Tuesday, October 16, 2007

New US guidance: HbA1c targets for glycaemic control in type 2 diabetes.

The American College of Physicians has issued updated guidance on the use of haemoglobin-A1c (HbA1c) levels in monitoring glycaemic control of patients with type 2 diabetes.

It is accepted that good glycaemic control is necessary in diabetes and if achieved will significantly reduce the likelihood of adverse complications. HbA1c is widely used as a means of monitoring diabetic control, and this paper is intended to summarise the evidence base for monitoring and for suitable HbA1c levels in particular. As there are already many guidelines available on this topic, the College considered that it was appropriate to provide a rigorous review of suitable existing guidelines rather than produce a new guideline from first principles.
A comprehensive search strategy was used to locate guidelines that included discussion of diabetic control. Eligibility was restricted to English language because of the difficulties in translating non-English documents, and only most recent updates were used. Eligible guidelines were assessed using the Appraisal of Guidelines, Research and Evaluation in Europe (AGREE) collaboration method to get an assessment of guideline quality. Recommendations on glycaemic control were extracted from high quality guidelines and used to synthesise overall recommendations.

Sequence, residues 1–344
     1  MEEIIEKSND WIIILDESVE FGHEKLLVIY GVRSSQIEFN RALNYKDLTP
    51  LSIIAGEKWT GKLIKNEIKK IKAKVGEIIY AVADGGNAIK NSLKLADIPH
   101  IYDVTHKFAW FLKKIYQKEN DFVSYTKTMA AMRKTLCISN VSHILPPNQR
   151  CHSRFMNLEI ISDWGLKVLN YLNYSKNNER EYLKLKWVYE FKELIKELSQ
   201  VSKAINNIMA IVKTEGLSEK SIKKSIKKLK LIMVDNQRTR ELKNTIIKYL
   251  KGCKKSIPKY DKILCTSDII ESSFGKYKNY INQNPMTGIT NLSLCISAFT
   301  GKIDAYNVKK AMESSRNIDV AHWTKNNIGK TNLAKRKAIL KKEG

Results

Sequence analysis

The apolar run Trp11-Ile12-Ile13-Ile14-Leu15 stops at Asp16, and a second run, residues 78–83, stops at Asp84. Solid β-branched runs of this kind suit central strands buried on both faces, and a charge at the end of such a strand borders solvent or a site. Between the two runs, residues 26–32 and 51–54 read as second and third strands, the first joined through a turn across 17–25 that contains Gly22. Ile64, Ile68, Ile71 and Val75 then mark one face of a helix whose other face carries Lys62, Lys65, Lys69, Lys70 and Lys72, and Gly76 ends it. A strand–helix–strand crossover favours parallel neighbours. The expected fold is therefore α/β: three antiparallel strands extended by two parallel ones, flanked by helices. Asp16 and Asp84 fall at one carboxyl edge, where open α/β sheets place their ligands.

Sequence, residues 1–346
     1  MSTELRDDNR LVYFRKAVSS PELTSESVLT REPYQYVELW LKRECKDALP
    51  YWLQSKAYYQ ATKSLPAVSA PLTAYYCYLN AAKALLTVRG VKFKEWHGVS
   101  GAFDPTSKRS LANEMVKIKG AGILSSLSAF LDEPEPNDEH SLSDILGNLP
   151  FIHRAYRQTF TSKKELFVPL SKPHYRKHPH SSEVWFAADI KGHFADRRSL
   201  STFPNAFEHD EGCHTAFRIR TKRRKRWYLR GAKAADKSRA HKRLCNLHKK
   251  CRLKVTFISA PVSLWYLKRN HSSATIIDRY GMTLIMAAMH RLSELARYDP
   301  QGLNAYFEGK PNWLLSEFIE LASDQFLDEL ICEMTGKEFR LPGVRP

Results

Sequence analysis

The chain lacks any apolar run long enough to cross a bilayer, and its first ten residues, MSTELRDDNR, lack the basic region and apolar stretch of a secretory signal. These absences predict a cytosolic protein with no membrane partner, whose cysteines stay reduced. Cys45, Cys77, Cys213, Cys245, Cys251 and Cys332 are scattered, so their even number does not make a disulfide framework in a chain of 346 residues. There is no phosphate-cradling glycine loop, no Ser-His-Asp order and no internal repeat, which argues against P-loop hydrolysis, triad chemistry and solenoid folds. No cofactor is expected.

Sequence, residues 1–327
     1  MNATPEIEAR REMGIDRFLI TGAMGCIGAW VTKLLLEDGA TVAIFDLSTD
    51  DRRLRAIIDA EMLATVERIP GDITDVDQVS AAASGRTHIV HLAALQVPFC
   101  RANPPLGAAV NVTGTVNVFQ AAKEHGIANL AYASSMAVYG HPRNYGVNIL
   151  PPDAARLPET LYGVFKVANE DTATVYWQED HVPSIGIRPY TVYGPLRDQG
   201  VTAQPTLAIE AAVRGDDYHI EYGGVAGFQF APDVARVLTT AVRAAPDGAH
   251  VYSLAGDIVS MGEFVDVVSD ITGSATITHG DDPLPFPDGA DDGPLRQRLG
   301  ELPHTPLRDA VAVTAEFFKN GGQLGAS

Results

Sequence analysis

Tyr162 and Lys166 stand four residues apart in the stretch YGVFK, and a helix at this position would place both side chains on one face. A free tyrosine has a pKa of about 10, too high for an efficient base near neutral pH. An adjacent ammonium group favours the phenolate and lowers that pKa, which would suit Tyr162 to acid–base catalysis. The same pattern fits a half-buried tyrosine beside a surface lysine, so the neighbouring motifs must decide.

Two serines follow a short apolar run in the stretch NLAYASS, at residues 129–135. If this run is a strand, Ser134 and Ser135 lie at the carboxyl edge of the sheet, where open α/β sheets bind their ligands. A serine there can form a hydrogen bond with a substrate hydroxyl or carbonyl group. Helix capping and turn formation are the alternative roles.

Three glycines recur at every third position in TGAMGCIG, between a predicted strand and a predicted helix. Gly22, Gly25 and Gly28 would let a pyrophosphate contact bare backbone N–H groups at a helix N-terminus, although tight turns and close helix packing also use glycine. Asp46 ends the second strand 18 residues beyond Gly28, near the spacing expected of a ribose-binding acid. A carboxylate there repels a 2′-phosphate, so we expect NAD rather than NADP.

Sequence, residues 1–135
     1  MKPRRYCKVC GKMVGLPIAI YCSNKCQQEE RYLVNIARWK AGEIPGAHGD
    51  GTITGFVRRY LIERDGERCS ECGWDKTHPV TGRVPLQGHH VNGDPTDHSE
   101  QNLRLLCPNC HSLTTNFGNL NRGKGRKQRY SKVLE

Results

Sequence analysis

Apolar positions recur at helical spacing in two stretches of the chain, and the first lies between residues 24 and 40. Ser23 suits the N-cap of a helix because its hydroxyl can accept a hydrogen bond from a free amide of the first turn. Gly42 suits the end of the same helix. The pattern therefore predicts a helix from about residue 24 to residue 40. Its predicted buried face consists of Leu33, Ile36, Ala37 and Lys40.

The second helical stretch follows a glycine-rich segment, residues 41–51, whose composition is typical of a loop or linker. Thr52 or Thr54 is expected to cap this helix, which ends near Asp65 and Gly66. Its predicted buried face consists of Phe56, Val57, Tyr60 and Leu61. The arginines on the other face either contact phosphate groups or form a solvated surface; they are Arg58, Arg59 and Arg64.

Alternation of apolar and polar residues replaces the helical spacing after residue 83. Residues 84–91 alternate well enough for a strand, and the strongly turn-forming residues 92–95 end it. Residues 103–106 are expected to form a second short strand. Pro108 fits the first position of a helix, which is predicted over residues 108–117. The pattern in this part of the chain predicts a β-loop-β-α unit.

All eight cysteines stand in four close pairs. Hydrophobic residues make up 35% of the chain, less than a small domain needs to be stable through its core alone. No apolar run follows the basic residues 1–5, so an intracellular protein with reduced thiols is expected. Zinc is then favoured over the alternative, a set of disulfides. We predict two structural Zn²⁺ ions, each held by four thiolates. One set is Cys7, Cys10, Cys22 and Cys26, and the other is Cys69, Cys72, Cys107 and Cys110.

Nine sets of guidelines were accepted as being of sufficient quality and included specific recommendations on control. Based on these, the authors recommend the following (taken directly from the article summary with Anglicisation of spellings):

  • Statement 1: To prevent microvascular complications of diabetes, the goal for glycaemic control should be as low as is feasible without undue risk for adverse events or an unacceptable burden on patients. Treatment goals should be based on a discussion of the benefits and harms of specific levels of glycaemic control with the patient. A haemoglobin A1c level less than 7% based on individualized assessment is a reasonable goal for many but not all patients.
  • Statement 2: The goal for haemoglobin A1c level should be based on individualized assessment of risk for complications from diabetes, comorbidity, life expectancy, and patient preferences.
  • Statement 3: We recommend further research to assess the optimal level of glycaemic control, particularly in the presence of comorbid conditions.
The authors comment that there are still challenges in understanding the benefits and harms of particular levels of control, especially in complex patients, and further research would be valuable. Attention should also be paid to control of blood pressure and lipid levels.

Ann Intern Med 2007; 147: 417-22

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